Under the CBCA, federally incorporated corporations are required to comply with specific timelines for calling annual meetings of shareholders and preparing and delivering annual financial statements. Specifically, the first annual meeting must be held within 18 months of incorporation, and each subsequent annual meeting must be held within 15 months of the previous annual meeting unless extended by court order. The business transacted at an annual meeting of a corporation generally consists of, among other things, the consideration of financial statements, the appointment of auditors or dispensing with such appointment, and the election of directors. Similar rules apply under the CNCA with respect to annual meetings of members of a federal not-for-profit corporation.
The Proposal would allow the Minister of Innovation, Science and Industry to make an order extending the periods established under the CBCA and the CNCA for calling and sending notices of annual meetings of shareholders or members, and providing shareholders or members and the CBCA Director with copies of annual financial statements that could be dated more than six months after the financial year-end.
Investment Canada Act
For our commentary on the implications of the Proposal to proceedings under the Investment Canada Act, see Canadian Government’s Proposed Extension of Time Limits Has Implications for ICA’s National Security Review Process.
The government has indicated that the Proposal will be available online for 10 days and that interested stakeholders are welcome to share their views with the Department of Justice.
At this time, the responsible ministers have provided little information regarding if and when they will be issuing orders and what conditions those orders may be subject to, the lack of which creates some uncertainty. For example:
- Ministers will have until September 30, 2020, to issue orders potentially having retroactive effect to March 13, 2020. Limitation periods that have already passed (e.g., statute-barred periods in tax matters) may therefore be reopened.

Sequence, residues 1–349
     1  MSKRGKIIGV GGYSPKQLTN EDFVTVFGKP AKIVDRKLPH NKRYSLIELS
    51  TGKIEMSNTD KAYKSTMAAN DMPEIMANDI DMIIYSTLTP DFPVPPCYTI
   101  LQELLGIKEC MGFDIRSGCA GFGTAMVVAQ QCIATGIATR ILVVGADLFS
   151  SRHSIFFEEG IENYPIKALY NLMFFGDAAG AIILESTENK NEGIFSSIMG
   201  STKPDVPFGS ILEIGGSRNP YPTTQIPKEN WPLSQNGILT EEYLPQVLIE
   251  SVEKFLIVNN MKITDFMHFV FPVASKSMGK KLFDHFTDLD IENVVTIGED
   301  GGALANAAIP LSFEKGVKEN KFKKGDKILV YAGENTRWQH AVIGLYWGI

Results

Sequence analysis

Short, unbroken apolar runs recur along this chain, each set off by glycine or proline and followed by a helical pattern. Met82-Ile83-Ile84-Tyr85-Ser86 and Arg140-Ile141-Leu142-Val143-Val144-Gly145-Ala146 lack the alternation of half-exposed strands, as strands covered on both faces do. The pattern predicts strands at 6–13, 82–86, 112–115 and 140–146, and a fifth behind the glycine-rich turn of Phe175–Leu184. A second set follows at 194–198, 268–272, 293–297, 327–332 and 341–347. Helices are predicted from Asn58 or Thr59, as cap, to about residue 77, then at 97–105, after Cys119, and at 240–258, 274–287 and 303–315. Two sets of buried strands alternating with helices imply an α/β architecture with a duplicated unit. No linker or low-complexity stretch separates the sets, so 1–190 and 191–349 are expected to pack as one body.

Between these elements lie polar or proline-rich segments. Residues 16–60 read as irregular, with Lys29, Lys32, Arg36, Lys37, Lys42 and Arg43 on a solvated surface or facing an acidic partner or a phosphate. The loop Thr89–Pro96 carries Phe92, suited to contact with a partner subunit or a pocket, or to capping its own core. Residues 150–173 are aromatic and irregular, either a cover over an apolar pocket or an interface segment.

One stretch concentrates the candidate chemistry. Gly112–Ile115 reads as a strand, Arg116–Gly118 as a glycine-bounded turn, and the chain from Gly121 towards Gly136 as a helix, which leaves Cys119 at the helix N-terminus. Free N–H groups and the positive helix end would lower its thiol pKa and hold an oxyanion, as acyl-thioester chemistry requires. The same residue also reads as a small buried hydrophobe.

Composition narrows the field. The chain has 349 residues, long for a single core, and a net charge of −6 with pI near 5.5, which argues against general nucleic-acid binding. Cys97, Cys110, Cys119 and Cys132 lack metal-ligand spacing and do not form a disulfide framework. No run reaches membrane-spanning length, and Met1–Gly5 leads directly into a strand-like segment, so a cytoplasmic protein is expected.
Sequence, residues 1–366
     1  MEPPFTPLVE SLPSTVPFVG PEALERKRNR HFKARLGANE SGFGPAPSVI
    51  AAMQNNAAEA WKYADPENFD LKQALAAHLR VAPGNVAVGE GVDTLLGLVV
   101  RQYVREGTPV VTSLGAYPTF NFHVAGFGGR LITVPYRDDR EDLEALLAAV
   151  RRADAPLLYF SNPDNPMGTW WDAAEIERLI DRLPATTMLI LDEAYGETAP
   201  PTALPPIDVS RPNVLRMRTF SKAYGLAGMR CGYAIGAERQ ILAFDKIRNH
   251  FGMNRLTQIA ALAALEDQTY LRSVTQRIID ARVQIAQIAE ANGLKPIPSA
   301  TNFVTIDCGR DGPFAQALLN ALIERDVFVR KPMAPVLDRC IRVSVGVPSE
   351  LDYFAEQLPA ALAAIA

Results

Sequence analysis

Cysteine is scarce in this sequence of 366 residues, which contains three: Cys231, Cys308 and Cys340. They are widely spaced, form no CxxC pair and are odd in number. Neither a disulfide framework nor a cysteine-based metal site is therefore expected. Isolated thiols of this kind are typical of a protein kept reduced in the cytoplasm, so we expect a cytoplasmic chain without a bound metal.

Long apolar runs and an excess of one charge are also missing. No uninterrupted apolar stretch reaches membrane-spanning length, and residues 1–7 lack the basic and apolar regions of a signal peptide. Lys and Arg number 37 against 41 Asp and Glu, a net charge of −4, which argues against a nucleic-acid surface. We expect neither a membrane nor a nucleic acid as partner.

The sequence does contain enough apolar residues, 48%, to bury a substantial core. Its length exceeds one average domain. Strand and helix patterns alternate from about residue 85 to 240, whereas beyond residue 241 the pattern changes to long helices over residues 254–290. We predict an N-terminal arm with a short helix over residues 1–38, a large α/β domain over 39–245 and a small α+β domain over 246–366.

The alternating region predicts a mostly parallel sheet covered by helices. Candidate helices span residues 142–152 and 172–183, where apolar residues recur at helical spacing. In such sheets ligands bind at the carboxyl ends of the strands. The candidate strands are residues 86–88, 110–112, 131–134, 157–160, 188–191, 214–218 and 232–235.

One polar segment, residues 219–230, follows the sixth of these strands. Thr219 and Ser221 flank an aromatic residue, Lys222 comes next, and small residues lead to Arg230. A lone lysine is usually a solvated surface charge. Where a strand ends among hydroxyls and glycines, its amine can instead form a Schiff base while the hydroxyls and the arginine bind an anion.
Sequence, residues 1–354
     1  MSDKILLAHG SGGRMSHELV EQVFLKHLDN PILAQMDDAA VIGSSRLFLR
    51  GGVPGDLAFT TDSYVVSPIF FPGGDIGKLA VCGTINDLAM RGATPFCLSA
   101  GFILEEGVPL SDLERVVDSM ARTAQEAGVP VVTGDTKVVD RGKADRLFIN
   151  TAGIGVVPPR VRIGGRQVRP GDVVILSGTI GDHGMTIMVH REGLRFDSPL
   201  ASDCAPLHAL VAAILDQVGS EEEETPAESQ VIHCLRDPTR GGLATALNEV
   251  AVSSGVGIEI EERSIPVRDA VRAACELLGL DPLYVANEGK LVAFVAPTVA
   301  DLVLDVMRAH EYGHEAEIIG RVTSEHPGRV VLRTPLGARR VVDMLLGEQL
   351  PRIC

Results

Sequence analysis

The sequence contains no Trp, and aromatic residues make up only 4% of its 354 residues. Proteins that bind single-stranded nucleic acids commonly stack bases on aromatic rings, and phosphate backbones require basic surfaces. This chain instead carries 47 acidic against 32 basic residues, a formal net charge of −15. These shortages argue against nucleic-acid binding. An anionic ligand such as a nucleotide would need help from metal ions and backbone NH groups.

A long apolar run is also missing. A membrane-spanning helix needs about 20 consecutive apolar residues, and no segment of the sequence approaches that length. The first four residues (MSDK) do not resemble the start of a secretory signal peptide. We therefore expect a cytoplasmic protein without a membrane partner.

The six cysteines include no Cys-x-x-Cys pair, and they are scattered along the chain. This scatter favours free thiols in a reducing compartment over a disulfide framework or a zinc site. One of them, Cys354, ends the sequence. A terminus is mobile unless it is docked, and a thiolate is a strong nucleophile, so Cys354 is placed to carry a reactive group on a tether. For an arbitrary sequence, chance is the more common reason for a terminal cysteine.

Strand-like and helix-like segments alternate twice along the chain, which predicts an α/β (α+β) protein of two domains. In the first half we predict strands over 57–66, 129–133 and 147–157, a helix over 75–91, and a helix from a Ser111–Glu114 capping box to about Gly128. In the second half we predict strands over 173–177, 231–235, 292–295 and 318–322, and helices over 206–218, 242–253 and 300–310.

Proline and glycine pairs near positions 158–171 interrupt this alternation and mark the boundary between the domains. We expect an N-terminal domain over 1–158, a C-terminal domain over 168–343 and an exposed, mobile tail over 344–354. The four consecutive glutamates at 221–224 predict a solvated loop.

- It is not entirely clear whether the extensions contemplated by the Proposal will be applied to all time limits covered by the Proposal and, if so, whether this will be done in a consistent manner. As a result, a minister may opt to exercise her or his powers partially or inconsistently – for instance, by extending only one of the many time limits that could be extended, by extending one time limit retroactively and another one prospectively or by subjecting different groups or classes of persons to different rules.
In addition, the federal Cabinet may unilaterally decide, at any time prior to September 30, 2020, to truncate the automatic suspension period in civil proceedings, which for now is slated to continue until September 13, 2020. Giving the federal Cabinet authority over the civil litigation process is somewhat unusual, and it is not entirely clear why such an authority is necessary.
Although the government understandably needs the flexibility to address the unexpected consequences of the COVID-19 pandemic in a range of areas, procedural certainty is important. We hope to receive clearer guidance from the responsible ministers over the next few weeks on how they intend to apply their extension and suspension powers under the Proposal, if and when it is adopted.